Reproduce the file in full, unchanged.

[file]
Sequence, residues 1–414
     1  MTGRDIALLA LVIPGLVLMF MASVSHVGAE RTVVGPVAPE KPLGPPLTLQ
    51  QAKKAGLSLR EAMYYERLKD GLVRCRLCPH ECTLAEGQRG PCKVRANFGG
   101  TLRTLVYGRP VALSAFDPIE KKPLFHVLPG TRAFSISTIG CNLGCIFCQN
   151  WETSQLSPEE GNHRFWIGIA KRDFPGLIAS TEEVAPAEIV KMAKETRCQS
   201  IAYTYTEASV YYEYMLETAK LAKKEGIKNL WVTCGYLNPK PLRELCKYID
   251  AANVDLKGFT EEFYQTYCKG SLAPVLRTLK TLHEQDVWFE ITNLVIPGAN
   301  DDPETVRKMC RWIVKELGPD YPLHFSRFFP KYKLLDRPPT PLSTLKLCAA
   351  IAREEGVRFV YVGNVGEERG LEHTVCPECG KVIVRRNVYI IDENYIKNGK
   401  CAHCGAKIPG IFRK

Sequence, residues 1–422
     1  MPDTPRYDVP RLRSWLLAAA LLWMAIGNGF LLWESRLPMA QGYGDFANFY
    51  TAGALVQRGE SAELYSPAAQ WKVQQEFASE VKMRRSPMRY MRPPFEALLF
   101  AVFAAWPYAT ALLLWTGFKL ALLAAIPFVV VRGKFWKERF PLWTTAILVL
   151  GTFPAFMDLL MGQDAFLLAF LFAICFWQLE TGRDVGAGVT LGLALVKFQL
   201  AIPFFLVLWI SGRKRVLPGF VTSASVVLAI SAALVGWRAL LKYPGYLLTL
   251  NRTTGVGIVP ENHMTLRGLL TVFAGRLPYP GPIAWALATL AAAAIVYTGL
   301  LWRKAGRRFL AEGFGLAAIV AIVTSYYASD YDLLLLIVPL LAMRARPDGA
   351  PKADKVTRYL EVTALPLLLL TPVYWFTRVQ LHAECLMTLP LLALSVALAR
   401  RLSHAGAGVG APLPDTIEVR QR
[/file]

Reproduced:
Sequence, residues 1–414
     1  MTGRDIALLA LVIPGLVLMF MASVSHVGAE RTVVGPVAPE KPLGPPLTLQ
    51  QAKKAGLSLR EAMYYERLKD GLVRCRLCPH ECTLAEGQRG PCKVRANFGG
   101  TLRTLVYGRP VALSAFDPIE KKPLFHVLPG TRAFSISTIG CNLGCIFCQN
   151  WETSQLSPEE GNHRFWIGIA KRDFPGLIAS TEEVAPAEIV KMAKETRCQS
   201  IAYTYTEASV YYEYMLETAK LAKKEGIKNL WVTCGYLNPK PLRELCKYID
   251  AANVDLKGFT EEFYQTYCKG SLAPVLRTLK TLHEQDVWFE ITNLVIPGAN
   301  DDPETVRKMC RWIVKELGPD YPLHFSRFFP KYKLLDRPPT PLSTLKLCAA
   351  IAREEGVRFV YVGNVGEERG LEHTVCPECG KVIVRRNVYI IDENYIKNGK
   401  CAHCGAKIPG IFRK

Sequence, residues 1–422
     1  MPDTPRYDVP RLRSWLLAAA LLWMAIGNGF LLWESRLPMA QGYGDFANFY
    51  TAGALVQRGE SAELYSPAAQ WKVQQEFASE VKMRRSPMRY MRPPFEALLF
   101  AVFAAWPYAT ALLLWTGFKL ALLAAIPFVV VRGKFWKERF PLWTTAILVL
   151  GTFPAFMDLL MGQDAFLLAF LFAICFWQLE TGRDVGAGVT LGLALVKFQL
   201  AIPFFLVLWI SGRKRVLPGF VTSASVVLAI SAALVGWRAL LKYPGYLLTL
   251  NRTTGVGIVP ENHMTLRGLL TVFAGRLPYP GPIAWALATL AAAAIVYTGL
   301  LWRKAGRRFL AEGFGLAAIV AIVTSYYASD YDLLLLIVPL LAMRARPDGA
   351  PKADKVTRYL EVTALPLLLL TPVYWFTRVQ LHAECLMTLP LLALSVALAR
   401  RLSHAGAGVG APLPDTIEVR QR